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How to Plan your Trail Running Season – an interview with Vert.run coaches Max Keith, Moisés Jiménez and Francesco Puppi

We know that it can feel scary to take time off from training for trail running–especially when you’ve worked so hard to build your fitness during your on-season. But by following some simple, efficient rules (like having a few key runs per week like in our Vert.run off-season training plan) and staying active by doing other activities (like in this Vert.run training program for winter cross training for trail runners) you’ll be able to rest…while also maintaining the fitness you’ve worked so hard to build.

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A journal of a pregnant runner: virtual races during COVID times

We know how hard it is to plan your trail running season. There are so many factors that come into play, and questions we ask ourselves, like:
How much can we really handle in our training and running until it’s not sustainable anymore? What is the best way to plan the season in order to perform well enough, and also have fun? Should every athlete have an offseason? What should winter training look like? How do I decide which race is an “A” goal, vs. which race is a “B” or “C” goal?
In this blog post, we’re going to answer all of this (and more.) And no matter what your level is (no matter if you’re training for your first-ever 5k, or if you’ve run tons of 100 milers in your life) there’s good info in here for you that applies to all trail runners.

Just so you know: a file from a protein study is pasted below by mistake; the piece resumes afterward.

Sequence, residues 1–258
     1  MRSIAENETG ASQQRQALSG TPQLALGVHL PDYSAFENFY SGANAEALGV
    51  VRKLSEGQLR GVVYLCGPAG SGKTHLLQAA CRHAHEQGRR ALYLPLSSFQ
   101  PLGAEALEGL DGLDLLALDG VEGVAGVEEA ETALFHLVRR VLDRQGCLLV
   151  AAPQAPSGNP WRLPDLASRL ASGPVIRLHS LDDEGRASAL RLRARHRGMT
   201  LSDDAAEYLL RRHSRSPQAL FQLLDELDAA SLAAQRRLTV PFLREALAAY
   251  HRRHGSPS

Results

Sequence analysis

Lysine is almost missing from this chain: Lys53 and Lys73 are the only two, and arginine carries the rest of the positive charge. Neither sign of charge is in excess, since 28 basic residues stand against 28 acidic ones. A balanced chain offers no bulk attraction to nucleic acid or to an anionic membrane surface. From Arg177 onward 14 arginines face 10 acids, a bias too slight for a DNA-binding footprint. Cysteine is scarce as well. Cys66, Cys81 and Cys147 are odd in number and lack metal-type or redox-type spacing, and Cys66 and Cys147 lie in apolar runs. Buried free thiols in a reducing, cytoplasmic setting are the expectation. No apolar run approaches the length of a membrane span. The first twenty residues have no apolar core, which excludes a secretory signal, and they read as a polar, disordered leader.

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Running to the finishing line: labor and afterlife

We know how hard it is to plan your trail running season. There are so many factors that come into play, and questions we ask ourselves, like:
How much can we really handle in our training and running until it’s not sustainable anymore? What is the best way to plan the season in order to perform well enough, and also have fun? Should every athlete have an offseason? What should winter training look like? How do I decide which race is an “A” goal, vs. which race is a “B” or “C” goal?
In this blog post, we’re going to answer all of this (and more.) And no matter what your level is (no matter if you’re training for your first-ever 5k, or if you’ve run tons of 100 milers in your life) there’s good info in here for you that applies to all trail runners.

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